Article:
Geotechnics - CSL

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Crosshole Sonic Logging

CSL is a method for determining the structural integrity of bored concrete piles.


CSL requires steel or PVC pipes to be embedded in the finished pile. The pipes are attached to the reinforcing mesh before the reinforcement is placed in the shaft and concrete is filled in. Steel pipes are often preferred over PVC pipes, as studies have shown that PPCV pipes have a tendency to escape from the concrete due to the heat created by the hydration process from the concrete. Depending on how big the pile is, the correct number of gauge tubes is cast in. The pipes are filled with water, which is used as a conducting medium. After the pile has hardened approx. 3-7 days, a sound source and receiver are led down two separate pipes at a constant speed, where the sound source and receiver follow each other.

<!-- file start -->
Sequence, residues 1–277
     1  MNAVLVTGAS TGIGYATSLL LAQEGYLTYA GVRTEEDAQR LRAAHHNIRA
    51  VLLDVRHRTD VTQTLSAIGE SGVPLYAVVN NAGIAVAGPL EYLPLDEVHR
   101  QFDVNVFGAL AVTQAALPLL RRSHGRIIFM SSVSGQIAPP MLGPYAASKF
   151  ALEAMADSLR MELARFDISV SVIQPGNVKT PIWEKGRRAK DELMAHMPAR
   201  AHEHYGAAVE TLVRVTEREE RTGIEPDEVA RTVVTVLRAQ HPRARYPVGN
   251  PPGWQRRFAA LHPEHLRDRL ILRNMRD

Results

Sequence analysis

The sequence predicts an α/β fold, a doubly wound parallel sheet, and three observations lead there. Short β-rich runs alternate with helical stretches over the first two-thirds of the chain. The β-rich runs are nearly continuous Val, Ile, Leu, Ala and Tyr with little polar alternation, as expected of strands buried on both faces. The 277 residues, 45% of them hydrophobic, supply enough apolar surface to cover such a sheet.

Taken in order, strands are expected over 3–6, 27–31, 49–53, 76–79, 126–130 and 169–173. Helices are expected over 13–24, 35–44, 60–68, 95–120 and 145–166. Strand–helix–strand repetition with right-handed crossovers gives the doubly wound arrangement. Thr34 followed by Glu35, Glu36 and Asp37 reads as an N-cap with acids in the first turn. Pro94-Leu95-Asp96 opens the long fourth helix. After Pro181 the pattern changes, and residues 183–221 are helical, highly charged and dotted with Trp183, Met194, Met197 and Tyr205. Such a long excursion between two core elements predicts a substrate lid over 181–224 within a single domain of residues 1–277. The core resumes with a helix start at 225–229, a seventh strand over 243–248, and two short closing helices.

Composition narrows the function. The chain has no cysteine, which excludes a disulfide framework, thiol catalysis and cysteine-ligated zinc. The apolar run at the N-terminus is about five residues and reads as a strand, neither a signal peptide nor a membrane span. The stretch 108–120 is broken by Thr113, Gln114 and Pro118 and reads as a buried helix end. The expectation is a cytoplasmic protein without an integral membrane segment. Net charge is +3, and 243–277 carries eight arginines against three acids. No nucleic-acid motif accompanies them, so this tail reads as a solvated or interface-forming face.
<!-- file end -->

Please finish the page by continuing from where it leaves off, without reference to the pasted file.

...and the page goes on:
A signal generator generates a sonic pulse from the sound source which is picked up by the receiver. Relative energy, waveform and differential time are recorded and stored. This procedure is repeated until the entire pile is mapped.


Areas with signal loss or wave speed reduction greater than 10% represent potential physical abnormalities and can be selected for further investigation. Measurements with relative energy or amplitude loss can indicate a poor curing process or concrete heterogeneity, including e.g. poor mix of concrete mix.


By comparing data from a number of combinations of boreholes, you can get an idea of ​​the structural health of the entire pile. When the measurement is done, the pipes are filled with concrete. A more advanced method is to create a graphical 3D model, better known as Crosshole Sonic Tomography.

Get a quote for CSL at In-Situ Consult